The attorney general is urging Connecticut residents to be vigilant when using “peer-to-peer” apps to avoid losing money, giving out valuable personal information or being victimized by scammers.
“Sadly, there are a lot of bad actors out there and when it comes to your money and your privacy you can never be too careful,” Tong said in a statement. “If you are using P2P apps like CashApp or Venmo to make transactions, check your account frequently for signs of fraud. Make sure you know the terms of the contract and carefully review all the transactions you make. A little vigilance can save you a lot of money and hassle down the road.”
Department of Consumer Protection Commissioner Michelle Seagull said consumers should use strong passwords and two-factor authentication if it’s available to better protect yourself from hackers.
“Never send money to somebody you don’t know or haven’t met, and remember that no utility company or government entity will ask you to pay your bills through a P2P app,” Seagull said in a statement.
The Office of the Attorney General said it has received several complaints about P2P apps.
In one instance, a man complained that one locked his account with $3,000 in it, which he needs to pay bills. In another instance, a man complained that he sent $2,250 through an app to a fake account that scammers had disguised as his bank, according to the office of the attorney general.
Another Connecticut woman used an app to pay a breeder for a puppy. When she never received the puppy, she was unable to cancel her transaction within the app and get her money back. Other app users have complained that unauthorized people hacked their accounts and stole thousands of dollars. One woman complained of a scam where she was contacted on her cell phone and told that her electricity would be disconnected in 30 minutes unless she could pay $150 to one of the apps, according to Tong’s office.
In a statement, a Cash App spokesperson said, “Preventing fraud is critically important to Cash App. We continue to invest in and bolster fraud-fighting resources by both increasing staffing and adopting new technology. We are constantly improving systems and controls to help prevent, detect, and report bad activity on the platform.”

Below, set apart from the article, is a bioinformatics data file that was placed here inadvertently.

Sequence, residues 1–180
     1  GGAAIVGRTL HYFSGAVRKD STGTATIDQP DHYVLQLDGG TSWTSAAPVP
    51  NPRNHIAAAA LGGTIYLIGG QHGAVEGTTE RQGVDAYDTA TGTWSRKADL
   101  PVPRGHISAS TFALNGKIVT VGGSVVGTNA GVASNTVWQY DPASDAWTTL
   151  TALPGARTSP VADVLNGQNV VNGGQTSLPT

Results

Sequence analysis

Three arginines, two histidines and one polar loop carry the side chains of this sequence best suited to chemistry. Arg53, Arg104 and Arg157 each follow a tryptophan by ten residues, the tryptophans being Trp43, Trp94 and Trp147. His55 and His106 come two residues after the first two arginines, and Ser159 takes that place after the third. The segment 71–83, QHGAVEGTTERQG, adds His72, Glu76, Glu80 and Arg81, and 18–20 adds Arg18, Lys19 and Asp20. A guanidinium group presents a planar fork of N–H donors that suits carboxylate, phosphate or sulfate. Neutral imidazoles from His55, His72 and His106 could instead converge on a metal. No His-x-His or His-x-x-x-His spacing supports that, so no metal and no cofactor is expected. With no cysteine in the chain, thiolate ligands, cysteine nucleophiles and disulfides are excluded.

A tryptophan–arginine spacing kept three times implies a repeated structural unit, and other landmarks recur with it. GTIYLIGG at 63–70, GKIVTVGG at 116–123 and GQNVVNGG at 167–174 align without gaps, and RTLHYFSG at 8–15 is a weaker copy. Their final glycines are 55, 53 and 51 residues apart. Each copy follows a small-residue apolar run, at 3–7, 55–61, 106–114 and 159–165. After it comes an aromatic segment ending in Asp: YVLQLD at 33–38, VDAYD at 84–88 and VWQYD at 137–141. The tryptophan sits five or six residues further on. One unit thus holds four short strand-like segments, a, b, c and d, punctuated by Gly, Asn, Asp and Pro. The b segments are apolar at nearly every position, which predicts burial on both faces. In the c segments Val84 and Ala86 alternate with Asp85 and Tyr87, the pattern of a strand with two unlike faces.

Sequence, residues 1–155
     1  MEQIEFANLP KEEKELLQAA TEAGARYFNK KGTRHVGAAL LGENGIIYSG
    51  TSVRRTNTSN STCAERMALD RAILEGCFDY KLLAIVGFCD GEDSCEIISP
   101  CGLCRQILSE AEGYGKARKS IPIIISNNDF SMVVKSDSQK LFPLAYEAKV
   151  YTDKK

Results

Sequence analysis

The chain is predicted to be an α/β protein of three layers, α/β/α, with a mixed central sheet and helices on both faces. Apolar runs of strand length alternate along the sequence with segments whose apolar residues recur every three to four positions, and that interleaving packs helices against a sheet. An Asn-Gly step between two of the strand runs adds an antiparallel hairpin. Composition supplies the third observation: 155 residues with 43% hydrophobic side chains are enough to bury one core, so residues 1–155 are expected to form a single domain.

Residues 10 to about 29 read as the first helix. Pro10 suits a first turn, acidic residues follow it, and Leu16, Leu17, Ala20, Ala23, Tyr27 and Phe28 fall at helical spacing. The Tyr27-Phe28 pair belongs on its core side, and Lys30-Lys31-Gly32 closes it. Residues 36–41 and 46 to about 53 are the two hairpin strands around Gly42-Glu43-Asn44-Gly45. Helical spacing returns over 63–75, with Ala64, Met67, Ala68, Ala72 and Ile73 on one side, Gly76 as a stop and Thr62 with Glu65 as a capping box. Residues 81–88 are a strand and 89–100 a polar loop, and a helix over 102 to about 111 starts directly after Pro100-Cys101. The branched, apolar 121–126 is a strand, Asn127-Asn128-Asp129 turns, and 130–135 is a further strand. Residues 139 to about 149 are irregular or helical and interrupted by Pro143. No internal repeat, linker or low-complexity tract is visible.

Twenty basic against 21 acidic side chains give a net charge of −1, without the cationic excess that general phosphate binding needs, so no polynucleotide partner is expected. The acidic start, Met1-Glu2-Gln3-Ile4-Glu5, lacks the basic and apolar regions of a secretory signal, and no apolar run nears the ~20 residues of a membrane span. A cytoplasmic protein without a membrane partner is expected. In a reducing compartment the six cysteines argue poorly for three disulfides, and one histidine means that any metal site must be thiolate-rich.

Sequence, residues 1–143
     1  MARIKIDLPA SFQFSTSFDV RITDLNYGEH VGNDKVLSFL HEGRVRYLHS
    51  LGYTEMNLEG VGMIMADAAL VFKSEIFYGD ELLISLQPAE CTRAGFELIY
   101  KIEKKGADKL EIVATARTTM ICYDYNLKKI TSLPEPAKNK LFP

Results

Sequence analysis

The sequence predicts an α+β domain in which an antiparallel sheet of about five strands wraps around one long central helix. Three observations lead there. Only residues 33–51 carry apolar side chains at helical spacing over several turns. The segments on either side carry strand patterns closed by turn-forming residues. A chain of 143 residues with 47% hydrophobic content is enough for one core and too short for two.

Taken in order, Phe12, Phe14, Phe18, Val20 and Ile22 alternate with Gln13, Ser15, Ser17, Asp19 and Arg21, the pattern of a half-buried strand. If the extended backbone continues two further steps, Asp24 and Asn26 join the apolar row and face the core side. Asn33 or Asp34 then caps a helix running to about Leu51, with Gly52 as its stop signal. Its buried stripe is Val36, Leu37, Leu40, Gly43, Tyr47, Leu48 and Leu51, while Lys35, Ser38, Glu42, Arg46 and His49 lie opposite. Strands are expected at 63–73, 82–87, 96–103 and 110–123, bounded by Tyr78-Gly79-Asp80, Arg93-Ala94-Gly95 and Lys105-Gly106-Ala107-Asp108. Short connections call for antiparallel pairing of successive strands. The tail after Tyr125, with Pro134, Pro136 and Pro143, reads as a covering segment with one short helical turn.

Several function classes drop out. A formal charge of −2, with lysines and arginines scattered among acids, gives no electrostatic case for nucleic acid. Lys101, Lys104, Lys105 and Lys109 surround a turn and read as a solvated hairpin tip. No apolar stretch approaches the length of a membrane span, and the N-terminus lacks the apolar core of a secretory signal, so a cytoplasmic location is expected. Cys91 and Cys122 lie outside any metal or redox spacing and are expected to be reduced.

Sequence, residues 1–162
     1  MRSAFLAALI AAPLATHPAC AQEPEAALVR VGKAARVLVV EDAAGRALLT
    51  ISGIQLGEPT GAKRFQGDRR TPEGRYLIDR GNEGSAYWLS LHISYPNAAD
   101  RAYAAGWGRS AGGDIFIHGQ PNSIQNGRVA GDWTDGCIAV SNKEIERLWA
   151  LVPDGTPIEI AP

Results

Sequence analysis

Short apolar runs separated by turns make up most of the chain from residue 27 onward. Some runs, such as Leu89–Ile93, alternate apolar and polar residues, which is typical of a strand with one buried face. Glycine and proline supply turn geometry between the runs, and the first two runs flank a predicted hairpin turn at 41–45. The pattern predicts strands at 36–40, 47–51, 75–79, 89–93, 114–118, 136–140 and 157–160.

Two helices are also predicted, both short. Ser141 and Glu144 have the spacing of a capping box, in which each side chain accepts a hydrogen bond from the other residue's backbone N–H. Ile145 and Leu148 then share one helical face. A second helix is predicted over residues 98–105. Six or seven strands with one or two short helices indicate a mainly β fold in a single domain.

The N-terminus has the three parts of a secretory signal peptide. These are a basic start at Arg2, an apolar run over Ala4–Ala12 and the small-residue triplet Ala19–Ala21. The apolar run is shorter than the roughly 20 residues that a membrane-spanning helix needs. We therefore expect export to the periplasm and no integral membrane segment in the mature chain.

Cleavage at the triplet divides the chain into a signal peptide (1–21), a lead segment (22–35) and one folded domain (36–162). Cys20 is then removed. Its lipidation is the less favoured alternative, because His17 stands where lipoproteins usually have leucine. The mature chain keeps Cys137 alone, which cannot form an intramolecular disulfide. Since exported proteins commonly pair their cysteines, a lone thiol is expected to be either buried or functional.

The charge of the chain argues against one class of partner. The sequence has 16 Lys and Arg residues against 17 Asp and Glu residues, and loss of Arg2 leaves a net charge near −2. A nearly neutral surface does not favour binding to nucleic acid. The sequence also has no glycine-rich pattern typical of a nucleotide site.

A statement on the Venmo website says, “Venmo is designed for payments between friends and people who trust each other. Avoid payments to people you don't know, especially if it involves a sale for goods and services (like event tickets and Craigslist items). These payments are potentially high risk, and you could lose your money without getting what you paid for. Venmo does not offer buyer or seller protection. Business usage of Venmo requires an application and explicit authorization.”
Paypal urges anyone who notices a transaction that you didn’t authorize to let them know right away in the Resolution Center.
The attorney general said never give out information over the phone to someone purporting to be from the company that issued you the account. There are scammers that pose as customer service representatives.
When sending money, enter addresses carefully. It is easy to send money to type the wrong account address, and then very difficult, if not impossible, to retrieve it.
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The attorney general said there are a vast number of reports of hacked prepaid accounts and you should conduct regular reviews to screen for suspicious activity.
They urged people to understand the difference between authorized and unauthorized transactions and follow all the contract terms, especially registering your account.
They warned that consumers might waive their rights to company investigation and corrections if the account is not registered and/or the suspect transaction is not reported to the P2P Issuer in a timely manner.